Gathering this information is not only a means of seeing where ISPs are throttling speeds, but also a way to ensure that they don’t do so in the first place. By ensuring quality information on internet speeds across neighborhoods, cities can put pressure on ISPs to maintain high-speed broadband service in underserved communities. For, if a city notices that an ISP is diverting bandwidth from one neighborhood to another, the city can simply change the ISP it uses for broadband. “The most aggressive strategy—in line with what FCC Chairman Ajit Pai has said—would be for cities to use the power of the market to drive the effort to overcome the digital divide. They can say ‘Thank you very much, we’re going to move to someone else,’” Mashariki explained.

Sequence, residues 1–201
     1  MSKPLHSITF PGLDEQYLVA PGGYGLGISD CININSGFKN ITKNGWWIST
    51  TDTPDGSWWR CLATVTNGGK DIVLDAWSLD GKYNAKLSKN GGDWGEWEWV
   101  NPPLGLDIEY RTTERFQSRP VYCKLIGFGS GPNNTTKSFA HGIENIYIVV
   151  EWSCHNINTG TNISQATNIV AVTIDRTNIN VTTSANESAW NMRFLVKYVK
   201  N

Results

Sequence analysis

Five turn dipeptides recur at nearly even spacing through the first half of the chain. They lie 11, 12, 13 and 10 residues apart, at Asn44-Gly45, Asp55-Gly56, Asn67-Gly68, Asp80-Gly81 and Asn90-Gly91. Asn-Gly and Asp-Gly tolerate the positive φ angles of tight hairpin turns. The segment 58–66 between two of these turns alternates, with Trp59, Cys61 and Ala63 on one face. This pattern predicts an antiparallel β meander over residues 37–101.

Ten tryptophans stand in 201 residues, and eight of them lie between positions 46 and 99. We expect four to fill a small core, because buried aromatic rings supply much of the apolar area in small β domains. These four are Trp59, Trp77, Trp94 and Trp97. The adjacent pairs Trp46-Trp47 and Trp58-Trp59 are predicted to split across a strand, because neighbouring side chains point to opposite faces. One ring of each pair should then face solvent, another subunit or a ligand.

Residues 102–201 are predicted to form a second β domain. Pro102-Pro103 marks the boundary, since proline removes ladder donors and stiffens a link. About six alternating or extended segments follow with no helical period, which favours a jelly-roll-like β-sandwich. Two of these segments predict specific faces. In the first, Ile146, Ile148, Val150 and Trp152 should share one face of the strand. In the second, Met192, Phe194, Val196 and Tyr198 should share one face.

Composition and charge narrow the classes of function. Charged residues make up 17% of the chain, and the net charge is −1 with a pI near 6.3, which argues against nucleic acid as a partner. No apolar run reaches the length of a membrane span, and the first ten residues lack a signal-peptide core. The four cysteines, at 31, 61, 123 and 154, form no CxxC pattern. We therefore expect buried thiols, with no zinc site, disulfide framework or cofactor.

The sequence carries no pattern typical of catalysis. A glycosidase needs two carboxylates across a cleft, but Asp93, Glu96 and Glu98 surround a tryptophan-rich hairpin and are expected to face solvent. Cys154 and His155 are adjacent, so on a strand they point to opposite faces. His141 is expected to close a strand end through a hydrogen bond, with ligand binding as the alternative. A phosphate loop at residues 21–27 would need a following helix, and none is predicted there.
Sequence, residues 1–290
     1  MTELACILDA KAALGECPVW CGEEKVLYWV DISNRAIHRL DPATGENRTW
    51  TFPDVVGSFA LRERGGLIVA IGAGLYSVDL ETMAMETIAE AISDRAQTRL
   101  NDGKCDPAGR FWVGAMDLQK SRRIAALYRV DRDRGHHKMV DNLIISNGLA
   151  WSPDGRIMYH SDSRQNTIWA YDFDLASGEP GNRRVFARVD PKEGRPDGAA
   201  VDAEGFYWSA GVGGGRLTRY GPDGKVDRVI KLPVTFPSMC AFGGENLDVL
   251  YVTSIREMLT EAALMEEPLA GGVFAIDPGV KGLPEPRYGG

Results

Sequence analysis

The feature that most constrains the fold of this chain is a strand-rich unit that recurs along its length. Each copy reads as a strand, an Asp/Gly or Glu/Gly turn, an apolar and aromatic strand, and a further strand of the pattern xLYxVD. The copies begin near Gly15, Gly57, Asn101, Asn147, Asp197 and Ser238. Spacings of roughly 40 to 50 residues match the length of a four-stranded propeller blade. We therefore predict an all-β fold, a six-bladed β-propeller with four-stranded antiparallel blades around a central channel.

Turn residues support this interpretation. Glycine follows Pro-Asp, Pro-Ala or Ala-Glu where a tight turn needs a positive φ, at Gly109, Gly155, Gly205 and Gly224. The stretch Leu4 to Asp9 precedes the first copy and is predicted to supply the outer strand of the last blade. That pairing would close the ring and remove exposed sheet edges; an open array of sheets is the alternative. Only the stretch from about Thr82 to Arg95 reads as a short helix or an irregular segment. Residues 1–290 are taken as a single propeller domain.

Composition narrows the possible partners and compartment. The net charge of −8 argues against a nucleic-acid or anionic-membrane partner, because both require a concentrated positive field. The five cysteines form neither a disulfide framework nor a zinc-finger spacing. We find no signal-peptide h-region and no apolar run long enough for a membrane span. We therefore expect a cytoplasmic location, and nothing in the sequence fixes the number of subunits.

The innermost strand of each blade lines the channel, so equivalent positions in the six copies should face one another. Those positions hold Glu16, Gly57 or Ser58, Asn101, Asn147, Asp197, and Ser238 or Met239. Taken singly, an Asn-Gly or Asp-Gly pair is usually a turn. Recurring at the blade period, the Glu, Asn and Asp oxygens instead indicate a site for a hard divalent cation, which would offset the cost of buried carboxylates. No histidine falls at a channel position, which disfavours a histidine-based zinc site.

The possibility of cities merely publicizing ISP actions could also put pressure on companies not to divert service from underserved areas. “Cities can also do what New York has done and publish their own report and an open letter if an ISP is not doing what it contractually said it would do,” Mashariki said. Revealing ISPs’ failures to meet their commitments to provide low-cost or equitable municipal broadand would produce increased public scrutiny on the companies and encourage others to unsubscribe from their service—outcomes they would surely seek to avoid.
Creating a GIS tool that can hold ISPs accountable requires meticulous and creative data collection. One valuable source of data is ISPs themselves, which provide the FCC with publicly available data on their highest advertised speeds across neighborhoods. However, “Cities should not just rely on what ISPs are telling them,” Mashariki emphasized.
Mashariki pointed to the Universal Service Administration Company (USAC)—a quasi-federal agency that works with the FCC towards a vision of universal high-speed internet access—as another potential source. USAC works directly with communities to gather data on internet speeds, and provides subsidies for neighborhoods willing to publish this information.